as of 30/10/2019 at 11:39 am
The biggest and most established of them all, Hargreaves Lansdown looks after about £85bn of investors’ money. Providing a one-stop-shop for shares, funds, Junior ISAs, ISAs, pensions and (coming soon) cash, these guys know their stuff. The phone service is quick, staff are very well trained and it's just good. It can however baffle newer investors and feels a bit old-school and stuffy. If you need help look out for their "multi-manager funds" which are decent pre-packaged options, just pricey.
At 0.45% for admin, plus investment charges, expect to pay about 1.2% all-in. If you’re happy to pay for good service, it’s still fair value. Just not the cheapest. Having said that, lots of people in the finance industry use it as they know it just works. It's a bit like Ocado. Good website, prompt service, polished, tasty, convenient, pricey.
The largest platform for investors, administering over £80bn.
|Minimum amounts:||£25 minimum monthly amount
£100 minimum initial amount for funds; no minimum for shares
|12 month indicative performance:||
A medium risk portfolio (Portfolio+) returned 10.8% in 2017, after charges.
"If I allow the transfer of my Baillie Gifford Scottish Mortgage Trust ISA, will it just go into a bigger Hargreaves Lansdown ISA pot? Meaning that when Hargreaves Lansdown as a whole falls, my investment is worth less?"
12/07/2019Read our reply
"Hi there, my son has a savings plan with Witan Jump that is now being closed and transferred to Hargreaves Lansdown. However, Hargreaves Lansdown informs me that I cannot transfer all the money (£26,000) into a Junior ISA account, because it's more than the yearly ISA allowance. I am not sure what to do with the rest of the money (£6,000). I would like to keep it invested, but would appreciate some advice as to how I could invest it for my son, in order to get the best out of it. Kind Regards, Isabella"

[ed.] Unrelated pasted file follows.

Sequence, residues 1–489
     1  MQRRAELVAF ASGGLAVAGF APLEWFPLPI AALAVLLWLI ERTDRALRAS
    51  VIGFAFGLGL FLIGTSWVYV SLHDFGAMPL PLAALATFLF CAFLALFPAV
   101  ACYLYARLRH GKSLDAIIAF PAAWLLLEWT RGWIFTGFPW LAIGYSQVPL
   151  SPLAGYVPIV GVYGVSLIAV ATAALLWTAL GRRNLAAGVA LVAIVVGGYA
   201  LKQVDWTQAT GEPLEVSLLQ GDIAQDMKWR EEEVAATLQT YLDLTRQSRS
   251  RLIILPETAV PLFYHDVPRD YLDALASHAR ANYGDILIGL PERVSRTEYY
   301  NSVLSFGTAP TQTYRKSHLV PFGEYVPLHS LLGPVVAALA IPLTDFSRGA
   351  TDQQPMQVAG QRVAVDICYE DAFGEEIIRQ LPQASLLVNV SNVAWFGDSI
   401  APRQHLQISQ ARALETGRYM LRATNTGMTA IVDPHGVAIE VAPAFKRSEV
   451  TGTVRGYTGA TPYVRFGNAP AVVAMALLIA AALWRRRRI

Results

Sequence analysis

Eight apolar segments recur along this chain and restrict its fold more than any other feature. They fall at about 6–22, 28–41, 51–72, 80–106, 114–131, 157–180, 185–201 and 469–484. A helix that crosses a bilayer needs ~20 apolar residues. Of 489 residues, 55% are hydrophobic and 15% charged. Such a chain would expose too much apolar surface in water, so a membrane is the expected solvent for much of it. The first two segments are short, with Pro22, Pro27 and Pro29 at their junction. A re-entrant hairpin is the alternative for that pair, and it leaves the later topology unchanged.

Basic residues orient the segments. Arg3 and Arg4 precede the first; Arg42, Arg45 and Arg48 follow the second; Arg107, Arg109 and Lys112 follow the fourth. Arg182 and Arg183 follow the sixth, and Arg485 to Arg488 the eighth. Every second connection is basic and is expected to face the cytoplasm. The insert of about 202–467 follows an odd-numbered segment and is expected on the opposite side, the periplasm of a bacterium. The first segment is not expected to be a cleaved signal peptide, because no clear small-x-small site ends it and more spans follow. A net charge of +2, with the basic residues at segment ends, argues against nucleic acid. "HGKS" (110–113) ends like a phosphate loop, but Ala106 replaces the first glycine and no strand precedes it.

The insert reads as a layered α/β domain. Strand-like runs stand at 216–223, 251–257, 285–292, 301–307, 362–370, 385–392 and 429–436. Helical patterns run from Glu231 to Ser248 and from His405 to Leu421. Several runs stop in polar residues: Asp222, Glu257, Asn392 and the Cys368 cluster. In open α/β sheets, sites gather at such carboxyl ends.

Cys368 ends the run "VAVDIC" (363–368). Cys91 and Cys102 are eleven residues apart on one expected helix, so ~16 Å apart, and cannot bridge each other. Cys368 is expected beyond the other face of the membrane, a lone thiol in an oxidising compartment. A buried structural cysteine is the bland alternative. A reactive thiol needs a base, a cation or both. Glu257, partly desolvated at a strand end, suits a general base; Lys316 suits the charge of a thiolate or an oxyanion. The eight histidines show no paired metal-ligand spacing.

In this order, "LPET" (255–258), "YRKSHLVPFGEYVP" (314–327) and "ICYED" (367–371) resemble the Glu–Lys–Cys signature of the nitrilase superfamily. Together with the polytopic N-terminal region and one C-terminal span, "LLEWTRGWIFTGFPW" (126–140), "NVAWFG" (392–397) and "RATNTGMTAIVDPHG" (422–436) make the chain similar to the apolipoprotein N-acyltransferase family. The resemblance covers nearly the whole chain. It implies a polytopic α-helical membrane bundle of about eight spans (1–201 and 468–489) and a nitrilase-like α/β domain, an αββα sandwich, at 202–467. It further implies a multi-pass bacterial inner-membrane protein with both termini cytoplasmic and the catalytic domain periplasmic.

19/06/2019Read our reply
"My husband and I are in our mid-30s and are completely new to investing. We have over £100,000 split between our two cash ISAs. As we are intending on purchasing a house in the next 5 years, the majority of our savings will be used for a deposit. However, we would like to make a long term investment (minimum 10 years), so are intending on putting £10,000 each in a Stocks and Shares ISA, as well as an ongoing £500 each a month. We're happy with some risk i.e. 6-7/10. Whilst we know this might be a tad trickier, we're really keen on investing in ESG funds/companies only. As we'll have a Stocks and Shares ISA each, we're not sure how best to 'diversify' and whether that's even possible given we want to make ethical investments? Would it be better if one of us uses a robo-adviser and the other a traditional platform? For one to go for an active and the other a passive approach (although I'm not sure if there is an ethical index)? Should one go higher risk than the other? Any guidance would be appreciated, Emma"
13/06/2019Read our reply